The Bike That Beat Baja

In 1962, a high-pipe scrambler was a legit dirt bike

Honda's CL72Cycle World archives

Today scramblers are mostly a retro-styling exercise for street machines, but in 1962, a high-pipe scrambler was a legit dirt bike. Honda's CL72 was one of the first factory scramblers available. Powered by a 247cc four-stroke parallel twin with a single overhead cam and twin carbs, these early engines are instantly recognizable by their squared-off, fine-pitched cylinder and head fins. The pressed-construction 180-degree crank used roller bearings and one-piece rods. Drum brakes front and rear. No electric starter. Weight: 315 pounds. Price? Six hundred and ninety dollars—the equivalent of about $5,600 today. (MSRP on a new Honda CRF250L Rally is $5,899.)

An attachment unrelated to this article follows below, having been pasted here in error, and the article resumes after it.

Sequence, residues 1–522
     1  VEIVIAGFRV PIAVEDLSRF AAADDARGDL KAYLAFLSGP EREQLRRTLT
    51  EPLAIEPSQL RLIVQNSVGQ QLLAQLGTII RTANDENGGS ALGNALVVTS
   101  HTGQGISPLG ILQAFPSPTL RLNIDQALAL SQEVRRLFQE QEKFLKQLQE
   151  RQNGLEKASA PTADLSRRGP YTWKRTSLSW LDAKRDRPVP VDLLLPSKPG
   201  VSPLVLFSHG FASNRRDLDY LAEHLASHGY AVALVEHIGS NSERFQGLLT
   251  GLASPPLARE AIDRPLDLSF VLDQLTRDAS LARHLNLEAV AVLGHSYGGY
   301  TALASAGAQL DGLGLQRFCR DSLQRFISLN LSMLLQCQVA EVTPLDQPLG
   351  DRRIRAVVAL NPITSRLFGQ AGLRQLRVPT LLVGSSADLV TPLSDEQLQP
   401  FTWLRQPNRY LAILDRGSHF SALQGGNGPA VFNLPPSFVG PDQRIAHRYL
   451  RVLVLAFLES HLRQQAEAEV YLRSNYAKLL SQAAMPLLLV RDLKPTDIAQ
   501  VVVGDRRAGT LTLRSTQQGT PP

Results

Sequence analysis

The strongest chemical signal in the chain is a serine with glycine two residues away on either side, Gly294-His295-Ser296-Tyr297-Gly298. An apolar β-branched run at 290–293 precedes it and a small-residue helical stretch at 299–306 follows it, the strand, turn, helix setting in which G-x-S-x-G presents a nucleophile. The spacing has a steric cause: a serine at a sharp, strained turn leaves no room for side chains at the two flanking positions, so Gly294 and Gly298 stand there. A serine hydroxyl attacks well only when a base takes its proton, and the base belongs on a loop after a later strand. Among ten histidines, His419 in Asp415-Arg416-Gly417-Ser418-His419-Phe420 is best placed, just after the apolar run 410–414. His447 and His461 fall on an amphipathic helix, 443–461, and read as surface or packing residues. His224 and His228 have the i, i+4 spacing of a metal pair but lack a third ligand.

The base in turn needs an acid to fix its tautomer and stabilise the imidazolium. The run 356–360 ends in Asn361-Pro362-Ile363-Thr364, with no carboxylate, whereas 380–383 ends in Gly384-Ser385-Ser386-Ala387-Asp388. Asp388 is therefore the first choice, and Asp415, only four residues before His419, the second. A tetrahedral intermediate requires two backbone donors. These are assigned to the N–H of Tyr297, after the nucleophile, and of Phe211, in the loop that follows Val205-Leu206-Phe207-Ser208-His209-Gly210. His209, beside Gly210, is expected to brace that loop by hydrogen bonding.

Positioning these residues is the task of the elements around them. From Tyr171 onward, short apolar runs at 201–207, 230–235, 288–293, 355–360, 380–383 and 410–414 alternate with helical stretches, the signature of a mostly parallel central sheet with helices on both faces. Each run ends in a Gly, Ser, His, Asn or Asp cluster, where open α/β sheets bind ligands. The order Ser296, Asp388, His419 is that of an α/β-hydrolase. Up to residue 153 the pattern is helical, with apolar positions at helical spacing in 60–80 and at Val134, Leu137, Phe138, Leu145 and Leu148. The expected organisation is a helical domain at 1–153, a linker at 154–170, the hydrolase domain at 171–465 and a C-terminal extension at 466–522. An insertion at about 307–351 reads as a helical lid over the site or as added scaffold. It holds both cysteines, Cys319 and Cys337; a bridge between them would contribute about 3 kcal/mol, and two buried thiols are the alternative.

The CL72 was good for about 20 hp at 8,000 rpm and could manage 85 mph. Honda sold 89,000 of them between 1962 and 1968, but even this was just a hint of what was to come. Replaced by the CB/CL350 series, Honda sold 67,180 of those in 1972 alone, and more than a quarter-million in five years. If that first Baja was conceived as a PR exercise, it appears to have been a success.

Engine: 247cc Twin
Horsepower: 20–24
Weight: 315 lb.
Fuel capacity: 2.25 gal.
Top speed: 80–85 mph